2.1.2 Management Commitment vs. Lower Level Employees’ Commitment

Management commitment and appreciation for employees’ effort and skills is vital not only to encourage transformation, but to ensure that worker’s strive to achieve Lean goals is stimulated and sustained, thus the initiative does not loose the momentum (Worley&Doolen 2006; Achanga et al. 2006). Worley and Doolen (2006) argue that manufacturing effort could fail if workers feel lack of respect for their effort.

The lack of commitment and interest in Lean in executive management circles may cause a situation when employees participating in a Lean initiative are not aware of the importance of the project, or how it is connected to the other Lean activities which are being implemented at the same time (Sherrer-Ratje et al. 2009; Ortiz 2008). This impedes upon the understanding of the meaning and the purpose of the transition in the entire organization (Worley&Doolen 2006).

Emiliani (2005) suggests that senior management’s passive attitude towards Lean events may negatively impact the lower level employees’ perception of their leadership and affect employees’ overall interest in Lean (Sharrer-Rathje et al. 2009; Crute 2003).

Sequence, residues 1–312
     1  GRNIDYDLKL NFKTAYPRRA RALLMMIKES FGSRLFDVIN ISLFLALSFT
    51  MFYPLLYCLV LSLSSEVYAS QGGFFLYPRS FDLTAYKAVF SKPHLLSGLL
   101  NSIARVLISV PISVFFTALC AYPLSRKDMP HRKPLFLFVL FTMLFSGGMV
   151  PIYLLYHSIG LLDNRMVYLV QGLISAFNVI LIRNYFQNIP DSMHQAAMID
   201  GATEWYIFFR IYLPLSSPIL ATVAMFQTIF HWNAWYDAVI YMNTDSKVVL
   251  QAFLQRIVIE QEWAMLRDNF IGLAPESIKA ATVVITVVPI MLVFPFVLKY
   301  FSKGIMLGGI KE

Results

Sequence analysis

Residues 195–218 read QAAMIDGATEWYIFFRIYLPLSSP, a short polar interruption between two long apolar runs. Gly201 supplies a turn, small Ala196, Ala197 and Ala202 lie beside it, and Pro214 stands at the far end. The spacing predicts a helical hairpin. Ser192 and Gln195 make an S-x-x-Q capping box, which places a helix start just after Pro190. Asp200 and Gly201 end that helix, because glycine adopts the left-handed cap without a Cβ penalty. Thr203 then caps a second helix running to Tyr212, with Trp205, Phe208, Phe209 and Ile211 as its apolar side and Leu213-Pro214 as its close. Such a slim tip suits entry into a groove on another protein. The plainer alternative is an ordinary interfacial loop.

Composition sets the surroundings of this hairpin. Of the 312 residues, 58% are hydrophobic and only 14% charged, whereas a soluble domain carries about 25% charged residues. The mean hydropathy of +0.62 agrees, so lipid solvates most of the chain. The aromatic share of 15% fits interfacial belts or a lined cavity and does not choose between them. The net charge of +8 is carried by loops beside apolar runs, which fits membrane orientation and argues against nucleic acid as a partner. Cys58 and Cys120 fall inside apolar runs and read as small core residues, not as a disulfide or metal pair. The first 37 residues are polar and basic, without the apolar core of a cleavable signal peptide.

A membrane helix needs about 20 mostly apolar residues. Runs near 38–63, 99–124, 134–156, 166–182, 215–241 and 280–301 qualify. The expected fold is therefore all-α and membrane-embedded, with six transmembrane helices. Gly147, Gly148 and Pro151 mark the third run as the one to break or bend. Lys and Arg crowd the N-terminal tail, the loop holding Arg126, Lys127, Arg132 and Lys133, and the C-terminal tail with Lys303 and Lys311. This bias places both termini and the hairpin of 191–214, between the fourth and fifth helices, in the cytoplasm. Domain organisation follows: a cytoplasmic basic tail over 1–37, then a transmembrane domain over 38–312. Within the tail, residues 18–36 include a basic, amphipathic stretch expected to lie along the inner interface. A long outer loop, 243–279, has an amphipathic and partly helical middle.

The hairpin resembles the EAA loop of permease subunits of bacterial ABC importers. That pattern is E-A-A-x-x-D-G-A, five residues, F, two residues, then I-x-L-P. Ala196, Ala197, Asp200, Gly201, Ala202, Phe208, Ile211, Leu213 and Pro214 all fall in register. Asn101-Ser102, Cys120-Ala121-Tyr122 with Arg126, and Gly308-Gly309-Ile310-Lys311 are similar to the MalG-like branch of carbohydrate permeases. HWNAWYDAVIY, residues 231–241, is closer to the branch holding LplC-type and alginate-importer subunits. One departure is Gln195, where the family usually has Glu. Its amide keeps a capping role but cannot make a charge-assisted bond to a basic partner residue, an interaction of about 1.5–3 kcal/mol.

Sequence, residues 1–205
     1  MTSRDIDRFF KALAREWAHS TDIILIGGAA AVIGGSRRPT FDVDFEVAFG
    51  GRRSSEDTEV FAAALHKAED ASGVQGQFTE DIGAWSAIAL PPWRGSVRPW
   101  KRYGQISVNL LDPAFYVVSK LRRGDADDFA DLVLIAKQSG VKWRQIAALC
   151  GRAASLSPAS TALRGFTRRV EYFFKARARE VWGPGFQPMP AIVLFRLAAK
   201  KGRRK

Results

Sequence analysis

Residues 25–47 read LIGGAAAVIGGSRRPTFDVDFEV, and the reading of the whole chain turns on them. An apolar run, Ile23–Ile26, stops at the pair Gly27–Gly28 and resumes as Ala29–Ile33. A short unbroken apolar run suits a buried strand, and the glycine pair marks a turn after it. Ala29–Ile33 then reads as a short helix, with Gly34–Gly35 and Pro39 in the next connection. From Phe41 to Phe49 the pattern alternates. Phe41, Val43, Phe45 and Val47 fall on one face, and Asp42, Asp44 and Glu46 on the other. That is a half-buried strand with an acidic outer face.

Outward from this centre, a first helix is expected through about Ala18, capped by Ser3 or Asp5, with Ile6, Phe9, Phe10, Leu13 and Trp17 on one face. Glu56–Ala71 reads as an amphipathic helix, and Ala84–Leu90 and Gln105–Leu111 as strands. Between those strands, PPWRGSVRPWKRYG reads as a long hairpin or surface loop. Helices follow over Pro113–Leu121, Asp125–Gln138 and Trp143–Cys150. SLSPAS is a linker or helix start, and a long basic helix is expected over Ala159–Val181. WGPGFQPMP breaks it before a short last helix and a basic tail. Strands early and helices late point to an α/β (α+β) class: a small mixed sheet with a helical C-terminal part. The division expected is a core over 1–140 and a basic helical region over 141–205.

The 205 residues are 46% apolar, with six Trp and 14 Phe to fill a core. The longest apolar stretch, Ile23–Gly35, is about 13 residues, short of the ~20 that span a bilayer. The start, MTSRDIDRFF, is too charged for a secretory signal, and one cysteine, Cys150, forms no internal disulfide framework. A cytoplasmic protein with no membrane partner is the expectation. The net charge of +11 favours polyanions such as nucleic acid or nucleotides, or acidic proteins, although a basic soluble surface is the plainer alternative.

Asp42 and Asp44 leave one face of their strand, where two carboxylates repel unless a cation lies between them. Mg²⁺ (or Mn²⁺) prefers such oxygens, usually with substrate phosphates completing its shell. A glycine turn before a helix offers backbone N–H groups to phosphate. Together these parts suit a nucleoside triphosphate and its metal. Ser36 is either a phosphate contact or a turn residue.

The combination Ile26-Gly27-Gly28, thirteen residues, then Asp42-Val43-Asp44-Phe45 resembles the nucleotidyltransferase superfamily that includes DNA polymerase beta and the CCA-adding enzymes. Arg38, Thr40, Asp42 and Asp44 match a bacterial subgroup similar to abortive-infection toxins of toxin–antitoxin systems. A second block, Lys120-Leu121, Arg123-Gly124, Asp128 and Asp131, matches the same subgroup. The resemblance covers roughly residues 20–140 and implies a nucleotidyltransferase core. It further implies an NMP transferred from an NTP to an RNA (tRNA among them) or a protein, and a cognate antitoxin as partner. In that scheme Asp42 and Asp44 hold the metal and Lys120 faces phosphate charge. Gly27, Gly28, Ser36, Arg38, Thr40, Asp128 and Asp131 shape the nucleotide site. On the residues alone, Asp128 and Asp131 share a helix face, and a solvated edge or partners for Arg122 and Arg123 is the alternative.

Managers may not be able to recognize the fact that Lean implementation is a “holistic” process (Bozdogan et al. 2000) and its success or failure depends on many factors (Worley&Doolen 2006). If employees expect changes but do not see results of the new project, their disapointment may influence their attitude towards Lean initiatives, and they may not be supportive in the future. That is why management should commit to setting short-term and long-term goals to achieve consistent transition (Worley&Doolen 2006; Kotter 2007).

Commitment of the executive management creates more positive feelings and attitudes towards management and what follows towards the change itself (Worley&Doolen 2006; Alavi 2003).The fact that the executive team assumes direct role in leading the implementation also strenghtens the importance of the new endevour in the eyes of the lower level employees (Worley&Doolen 2006) who through modelling (Miltenberger 2004) follow the example (Balle 2005). Still the modelling works both ways and the employees might follow good or bad behaviours (Kotter 2007).